Why Earthquakes In Haiti Are So Catastrophic
It happened again.
Over the weekend, Haiti was hit by a magnitude 7.2 earthquake that crumbled homes and buildings and killed more than 1,200 people.
Rescuers are still working to find survivors amid the rubble. The death count is expected to rise.
More than a decade ago, a similar quake left an estimated 220,000 dead, more than 1 million people displaced and roughly 300,000 injured.
These two events are part of Haiti's history of major destructive earthquakes, records of which go back centuries.
Researchers say the country's unique geology make it seismically active — and prone to devastating earthquakes. A combination of factors, however, leaves the country especially susceptible to damage from these events.
Why is Haiti so susceptible to earthquakes?
Haiti sits on a fault line between huge tectonic plates, big pieces of the Earth's crust that slide past each other over time. These two plates are the North American plate and the Caribbean plate.
There are two major faults along Hispaniola, the island shared by Haiti and the Dominican Republic.
The southern one is known as the Enriquillo-Plantain Garden fault system.
It's this fault that the U.S. Geological Survey says caused Saturday's quake and the same one that caused the January 2010 earthquake.
The USGS believes the Enriquillo-Plantain Garden fault zone can be blamed on other major earthquakes from 1751 to 1860. The agency said none of these quakes has been officially confirmed in the field as associated with this fault, however.
A history of catastrophic earthquakes in Haiti
One of the earliest major recorded earthquakes in Haiti occurred in the 1700s, according to the USGS. Others followed, with researchers cataloging events that left hundreds dead and destroyed homes and businesses.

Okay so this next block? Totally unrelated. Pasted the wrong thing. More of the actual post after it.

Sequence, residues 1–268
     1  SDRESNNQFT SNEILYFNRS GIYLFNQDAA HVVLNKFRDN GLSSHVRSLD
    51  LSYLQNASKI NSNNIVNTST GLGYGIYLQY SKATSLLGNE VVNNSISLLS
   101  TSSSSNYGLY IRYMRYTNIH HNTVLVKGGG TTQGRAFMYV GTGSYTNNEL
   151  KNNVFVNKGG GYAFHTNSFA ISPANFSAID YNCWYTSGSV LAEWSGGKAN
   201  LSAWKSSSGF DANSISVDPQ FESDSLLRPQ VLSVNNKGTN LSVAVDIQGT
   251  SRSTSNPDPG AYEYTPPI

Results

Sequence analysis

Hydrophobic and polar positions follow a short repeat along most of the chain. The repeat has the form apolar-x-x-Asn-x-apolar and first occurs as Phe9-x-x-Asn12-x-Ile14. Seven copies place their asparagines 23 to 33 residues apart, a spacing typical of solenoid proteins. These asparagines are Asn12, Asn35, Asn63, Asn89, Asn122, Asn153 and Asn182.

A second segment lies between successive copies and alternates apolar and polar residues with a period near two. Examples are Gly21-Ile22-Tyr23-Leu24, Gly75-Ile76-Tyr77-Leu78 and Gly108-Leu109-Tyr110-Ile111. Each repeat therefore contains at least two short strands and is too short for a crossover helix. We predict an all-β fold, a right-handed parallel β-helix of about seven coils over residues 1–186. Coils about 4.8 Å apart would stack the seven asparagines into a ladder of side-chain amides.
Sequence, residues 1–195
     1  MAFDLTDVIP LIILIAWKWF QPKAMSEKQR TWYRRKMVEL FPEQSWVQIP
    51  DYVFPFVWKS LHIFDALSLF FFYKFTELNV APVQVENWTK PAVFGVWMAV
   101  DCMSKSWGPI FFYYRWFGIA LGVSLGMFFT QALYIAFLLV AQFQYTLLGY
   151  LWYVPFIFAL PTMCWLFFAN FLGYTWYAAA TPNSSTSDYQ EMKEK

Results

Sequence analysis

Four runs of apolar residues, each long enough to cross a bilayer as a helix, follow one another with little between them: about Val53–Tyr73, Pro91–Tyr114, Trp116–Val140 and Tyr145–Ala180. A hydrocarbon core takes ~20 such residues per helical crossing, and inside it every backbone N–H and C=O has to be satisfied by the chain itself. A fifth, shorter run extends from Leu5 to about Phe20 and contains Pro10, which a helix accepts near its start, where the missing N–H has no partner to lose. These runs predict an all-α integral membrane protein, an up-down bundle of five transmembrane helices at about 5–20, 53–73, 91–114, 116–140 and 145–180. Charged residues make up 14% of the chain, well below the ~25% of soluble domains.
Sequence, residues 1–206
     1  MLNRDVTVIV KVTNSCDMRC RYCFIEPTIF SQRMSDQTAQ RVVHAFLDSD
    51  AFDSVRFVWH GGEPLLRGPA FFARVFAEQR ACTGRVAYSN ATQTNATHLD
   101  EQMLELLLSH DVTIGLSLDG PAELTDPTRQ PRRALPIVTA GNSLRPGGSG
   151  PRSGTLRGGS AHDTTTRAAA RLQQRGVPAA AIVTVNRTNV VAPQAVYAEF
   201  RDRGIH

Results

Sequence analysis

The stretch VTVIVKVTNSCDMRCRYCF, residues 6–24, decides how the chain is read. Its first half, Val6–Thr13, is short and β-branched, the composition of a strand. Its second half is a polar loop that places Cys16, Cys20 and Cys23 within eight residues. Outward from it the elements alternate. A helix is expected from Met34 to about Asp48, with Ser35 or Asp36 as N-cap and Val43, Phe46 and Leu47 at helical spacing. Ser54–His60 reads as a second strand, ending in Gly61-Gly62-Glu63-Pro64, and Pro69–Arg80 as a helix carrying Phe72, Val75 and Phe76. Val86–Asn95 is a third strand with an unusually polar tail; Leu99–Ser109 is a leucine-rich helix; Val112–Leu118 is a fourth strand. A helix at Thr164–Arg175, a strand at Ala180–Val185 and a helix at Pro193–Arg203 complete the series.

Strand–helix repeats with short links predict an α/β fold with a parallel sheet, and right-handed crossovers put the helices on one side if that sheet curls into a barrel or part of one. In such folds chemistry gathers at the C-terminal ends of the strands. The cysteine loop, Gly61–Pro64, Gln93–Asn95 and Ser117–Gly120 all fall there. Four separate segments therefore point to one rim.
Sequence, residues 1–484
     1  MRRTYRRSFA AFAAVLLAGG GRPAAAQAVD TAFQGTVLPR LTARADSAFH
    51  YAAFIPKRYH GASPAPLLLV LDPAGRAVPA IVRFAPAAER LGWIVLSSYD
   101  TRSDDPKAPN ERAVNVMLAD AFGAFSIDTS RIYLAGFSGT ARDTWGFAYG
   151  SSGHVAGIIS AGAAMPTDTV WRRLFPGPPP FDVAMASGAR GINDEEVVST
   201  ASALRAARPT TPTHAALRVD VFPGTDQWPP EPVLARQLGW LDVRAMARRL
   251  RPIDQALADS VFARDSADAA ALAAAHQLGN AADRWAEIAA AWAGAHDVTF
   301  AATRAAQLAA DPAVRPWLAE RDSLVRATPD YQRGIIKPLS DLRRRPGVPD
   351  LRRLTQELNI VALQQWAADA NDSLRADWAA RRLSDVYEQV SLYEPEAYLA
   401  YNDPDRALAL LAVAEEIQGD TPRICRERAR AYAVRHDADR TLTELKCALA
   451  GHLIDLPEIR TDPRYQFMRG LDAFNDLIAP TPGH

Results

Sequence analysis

Before the 2010 earthquake, there hadn't been another major quake along the Enriquillo-Plantain Garden fault zone for about 200 years.
Building to withstand hurricanes, not earthquakes
The USGS says it recorded 22 magnitude 7 or larger earthquakes in 2010, the same year as the devastating earthquake in Haiti. However, despite an active year, almost all the fatalities were produced by the major temblor that hit on Jan. 12 of that year, the USGS said.
It struck around the densely populated capital of Port-au-Prince, contributing to the high death toll.
But the way structures are built in Haiti is also believed to have contributed to the loss of life and property.
Due to the 1751 and 1770 earthquakes and minor quakes that occurred between them, local authorities started requiring building with wood and forbade building with masonry, according to the USGS.
In the years since, Haitians have focused on building their homes to withstand the bigger threat in the neighborhood — hurricanes.
Structures made of concrete and cinder block hold up well during storms but are more vulnerable during earthquakes, according to The Associated Press.
More earthquakes may be ahead
In 2012, researchers wrote that the 2010 earthquake "may mark the beginning of a new cycle of large earthquakes on the Enriquillo fault system after 240 years of seismic quiescence."
"The entire Enriquillo fault system appears to be seismically active; Haiti and the Dominican Republic should prepare for future devastating earthquakes," researchers said.
It's still too early to determine the long-term impact of Saturday's earthquake. What is certain is the unique pressures facing Haitians in the days ahead.
The country still has not fully recovered from the 2010 earthquake and Hurricane Matthew in 2016.
Haiti was already suffering from political instability following last month's assassination of President Jovenel Moïse. Moïse's death has since left a power vacuum that's been filled by interim Prime Minister Ariel Henry, a 71-year-old neurosurgeon and public official.
The nation is also bracing for another threat as Tropical Depression Grace threatens to bring heavy rains on Monday.
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